Bob White: My understanding of the details were that they were not going to be made public. I would not characterize us as having a tentative agreement, I am optimistic we will have an agreement. We are not committed to it, and I have not presented it to the board leaders of IPOC. Ocean properties is vastly different than dealing with Loeb, which I’m sure we never would have reached an agreement with.


Resident (to incumbents): Can you give us a sense of when we’re going to have good cell phone service?

Jim Brown: The town has been working the entire time by using studies and we’ve identified the problem areas…Government is set up that we can’t just do everything overnight.

Terry Gans: We have to have service throughout the island, I think we have to deal with what we have now, there’s always new technology around the corner…I would rather have it sooner than later.

Phill Younger: I don’t think we need a cell tower. And I feel like that it’s only fair to open the question up to the opponents.

Gene Jaleski: I’ve been at this for 6 years, and I have put in more time and effort into finding better cell reception than anyone else. For half the cost, we can have town-wide wi-fi.

Larry Grossman: I don’t think it’s a government function to provide a service, I think we can make recommendations on how to improve service, there’s a lot of ways of doing this and some of that responsibility would be user with a carrier.

Irwin Pastor: The town has a responsibility to solve the problem. You’re talking about safety, health, and welfare in case there would be litigation in case something would happen. Hopefully, this would be solved without a huge cell tower.


Closing statements

Gene Jaleski: My opponent says he’s saved us $30 million, maybe. Sand erosion doesn’t take a holiday, it just keeps going. Nobody that made this decision is a beach engineer and I doubt they have the credentials. We’re going to have to dump sand on the north end beaches and we’re going to have to do it again next year. Over and over again I’ve said why don’t they at least ask the cities that are using sand bypass or sand recycling and see how they say it performs. I’ve also introduced the idea of LED turtle lighting which would benefit the entire key.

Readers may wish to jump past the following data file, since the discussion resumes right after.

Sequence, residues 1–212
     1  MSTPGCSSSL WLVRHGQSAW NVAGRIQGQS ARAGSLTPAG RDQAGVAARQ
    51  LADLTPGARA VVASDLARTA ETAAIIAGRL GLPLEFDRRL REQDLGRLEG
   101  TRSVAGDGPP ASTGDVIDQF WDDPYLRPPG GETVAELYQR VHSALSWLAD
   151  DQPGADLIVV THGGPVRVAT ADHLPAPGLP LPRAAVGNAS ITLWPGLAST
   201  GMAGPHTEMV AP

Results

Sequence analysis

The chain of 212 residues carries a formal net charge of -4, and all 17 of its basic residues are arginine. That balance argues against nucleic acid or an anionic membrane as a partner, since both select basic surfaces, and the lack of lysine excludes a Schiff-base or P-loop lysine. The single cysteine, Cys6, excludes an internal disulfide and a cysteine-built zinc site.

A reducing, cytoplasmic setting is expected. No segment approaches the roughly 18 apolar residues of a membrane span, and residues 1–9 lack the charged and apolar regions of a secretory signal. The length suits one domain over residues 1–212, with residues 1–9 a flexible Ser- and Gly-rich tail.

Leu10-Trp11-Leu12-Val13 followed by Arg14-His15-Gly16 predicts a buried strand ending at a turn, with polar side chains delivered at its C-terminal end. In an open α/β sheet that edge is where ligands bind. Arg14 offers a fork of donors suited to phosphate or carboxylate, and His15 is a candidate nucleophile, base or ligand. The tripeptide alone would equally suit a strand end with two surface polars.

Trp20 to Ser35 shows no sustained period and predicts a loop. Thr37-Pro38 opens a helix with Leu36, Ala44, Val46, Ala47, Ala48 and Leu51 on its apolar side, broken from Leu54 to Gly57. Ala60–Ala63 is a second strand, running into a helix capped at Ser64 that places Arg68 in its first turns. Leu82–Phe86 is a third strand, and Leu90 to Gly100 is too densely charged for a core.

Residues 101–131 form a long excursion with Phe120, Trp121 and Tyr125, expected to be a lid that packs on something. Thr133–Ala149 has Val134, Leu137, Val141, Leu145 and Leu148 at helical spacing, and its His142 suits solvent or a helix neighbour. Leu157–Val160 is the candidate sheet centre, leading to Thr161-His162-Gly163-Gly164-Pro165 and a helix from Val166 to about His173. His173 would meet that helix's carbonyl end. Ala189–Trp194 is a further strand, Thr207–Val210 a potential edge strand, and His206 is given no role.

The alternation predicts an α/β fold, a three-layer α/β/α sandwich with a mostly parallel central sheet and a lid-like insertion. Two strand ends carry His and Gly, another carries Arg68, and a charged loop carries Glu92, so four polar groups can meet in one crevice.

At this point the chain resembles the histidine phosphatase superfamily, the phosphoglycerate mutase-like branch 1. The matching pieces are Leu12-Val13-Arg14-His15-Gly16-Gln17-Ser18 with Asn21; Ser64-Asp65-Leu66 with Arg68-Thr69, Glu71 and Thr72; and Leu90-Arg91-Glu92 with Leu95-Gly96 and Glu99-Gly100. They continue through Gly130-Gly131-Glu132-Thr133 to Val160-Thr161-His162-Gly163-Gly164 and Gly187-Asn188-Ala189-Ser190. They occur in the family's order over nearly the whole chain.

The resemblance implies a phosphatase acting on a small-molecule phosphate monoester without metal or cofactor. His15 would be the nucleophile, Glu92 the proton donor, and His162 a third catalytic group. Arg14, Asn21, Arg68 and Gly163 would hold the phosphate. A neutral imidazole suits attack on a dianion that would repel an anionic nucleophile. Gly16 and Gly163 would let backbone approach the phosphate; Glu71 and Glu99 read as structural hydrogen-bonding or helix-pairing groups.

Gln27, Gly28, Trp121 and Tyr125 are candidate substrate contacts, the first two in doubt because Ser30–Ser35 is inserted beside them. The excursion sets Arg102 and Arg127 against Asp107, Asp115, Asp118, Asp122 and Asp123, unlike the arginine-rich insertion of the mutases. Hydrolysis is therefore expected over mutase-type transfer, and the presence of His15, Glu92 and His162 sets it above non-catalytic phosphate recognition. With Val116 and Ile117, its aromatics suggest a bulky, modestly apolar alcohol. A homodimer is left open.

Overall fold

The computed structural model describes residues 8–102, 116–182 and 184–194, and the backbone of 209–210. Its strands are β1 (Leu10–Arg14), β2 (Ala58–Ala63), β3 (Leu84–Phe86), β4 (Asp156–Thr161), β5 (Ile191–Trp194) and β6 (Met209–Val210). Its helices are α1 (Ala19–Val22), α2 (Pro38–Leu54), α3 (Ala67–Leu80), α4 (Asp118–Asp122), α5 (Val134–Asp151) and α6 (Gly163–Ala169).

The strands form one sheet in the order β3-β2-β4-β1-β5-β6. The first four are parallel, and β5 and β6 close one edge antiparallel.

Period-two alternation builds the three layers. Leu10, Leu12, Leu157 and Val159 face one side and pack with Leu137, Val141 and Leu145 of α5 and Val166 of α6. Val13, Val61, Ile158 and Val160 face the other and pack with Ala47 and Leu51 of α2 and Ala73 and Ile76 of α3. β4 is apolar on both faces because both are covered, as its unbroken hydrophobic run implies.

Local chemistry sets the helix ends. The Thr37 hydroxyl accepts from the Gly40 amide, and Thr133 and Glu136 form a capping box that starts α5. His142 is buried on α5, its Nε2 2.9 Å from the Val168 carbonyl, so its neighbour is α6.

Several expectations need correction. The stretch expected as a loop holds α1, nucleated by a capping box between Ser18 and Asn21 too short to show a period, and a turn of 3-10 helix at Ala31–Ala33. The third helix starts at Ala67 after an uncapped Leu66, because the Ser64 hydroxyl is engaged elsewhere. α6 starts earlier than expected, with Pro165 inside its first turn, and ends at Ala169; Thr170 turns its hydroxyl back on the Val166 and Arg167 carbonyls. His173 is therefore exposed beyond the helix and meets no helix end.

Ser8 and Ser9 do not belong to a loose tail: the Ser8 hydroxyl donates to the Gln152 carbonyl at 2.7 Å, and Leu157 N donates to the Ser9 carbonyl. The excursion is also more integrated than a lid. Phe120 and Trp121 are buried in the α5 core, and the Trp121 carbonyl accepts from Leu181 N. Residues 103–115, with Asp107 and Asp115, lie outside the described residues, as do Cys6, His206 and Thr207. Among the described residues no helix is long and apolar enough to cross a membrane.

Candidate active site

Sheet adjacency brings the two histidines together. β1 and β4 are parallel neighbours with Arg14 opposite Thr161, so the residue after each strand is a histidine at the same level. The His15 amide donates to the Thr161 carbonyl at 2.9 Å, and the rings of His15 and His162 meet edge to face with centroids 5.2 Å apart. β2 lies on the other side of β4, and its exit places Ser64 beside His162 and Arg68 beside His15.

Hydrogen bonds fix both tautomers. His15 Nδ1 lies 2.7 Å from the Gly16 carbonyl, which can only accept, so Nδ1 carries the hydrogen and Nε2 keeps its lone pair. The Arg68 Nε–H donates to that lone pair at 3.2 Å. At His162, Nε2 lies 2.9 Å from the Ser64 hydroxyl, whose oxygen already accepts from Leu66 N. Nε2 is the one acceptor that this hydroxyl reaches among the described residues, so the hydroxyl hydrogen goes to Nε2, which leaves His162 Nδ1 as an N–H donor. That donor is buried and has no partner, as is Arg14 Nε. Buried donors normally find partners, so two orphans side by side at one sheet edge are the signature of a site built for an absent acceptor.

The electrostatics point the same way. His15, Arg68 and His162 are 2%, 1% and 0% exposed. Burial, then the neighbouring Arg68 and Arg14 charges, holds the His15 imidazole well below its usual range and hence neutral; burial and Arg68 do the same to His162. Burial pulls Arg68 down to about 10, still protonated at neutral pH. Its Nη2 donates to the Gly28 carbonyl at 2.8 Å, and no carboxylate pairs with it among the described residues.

Phill Younger: I have served this community for 3 years now. I’m open-minded and fair, I do in depth research.

As a rebuttle to GeneThere’s an allegation that the beach plan is in shambles. I have a letter from Gene Jaleski dated Jan. 12, 2011 which states, “I personally believe that Commissioner Younger’s idea is a compromise between doing too much and too little.”

Gene Jaleski: That statement from the letter is taken somewhat out of context.

Irwin Pastor: Terry Gans is quoted on his campaign flyer as stating, “This election presents a clear choice.”  It also says, “Re-elect Terry Gans,” you were appointed. I think that could be a violation. I’ve gone to the meetings, I think you haven’t accomplished anything. This island is only 57 years old, the Key Club is a major issue, and how could you possibly say that I haven’t been involved. The knowledge of issues, several debates, numerous debates, I’ve also addressed pension issues.

Terry Gans: I was concerned about the re-elect statement and I asked Town Clerk Trish Granger ‘Can I say this?’ Trish Granger said I can use this, and its fine. I think you should have more of a record on Longboat Key instead of pitting one small issue in one region versus the rest of the island. I think it’s more important for us to look for the future of the island. What kind of island are we going to find? To do that you have to have some involvement and knowledge with the island as a whole. I think I have done that with my service on the commission.

Larry Grossman: One of the problems I found on this island is I’ve seen the lack of civility. But this is an example of denigrating the citizens of Longboat Key. (To Terry Gans) “A small portion?” These are citizens of Longboat Key. I’ve seen this island stagnate and it is going in circles on some of these things, not all of them the fault of the commission. The colony is difficult. The Whitney Beach Plaza is deteriorating. The question is how we go forward in resolving these issues and I think I have a much faster learning curve than I’ve seen this commission display.

Jim Brown: I hope we can stop bickering over something that’s already happened, Mr. Pastor, and Mr. White, and it’s not going to happen again. My opponent and I come from a similar background, I have spent the last 10 years on this key servicing the public, I think it says something about my ability to lead and get things done. It’s hard to do things I want to do when I have constraints, its hard to work within government, and I would like to have your vote for two more years.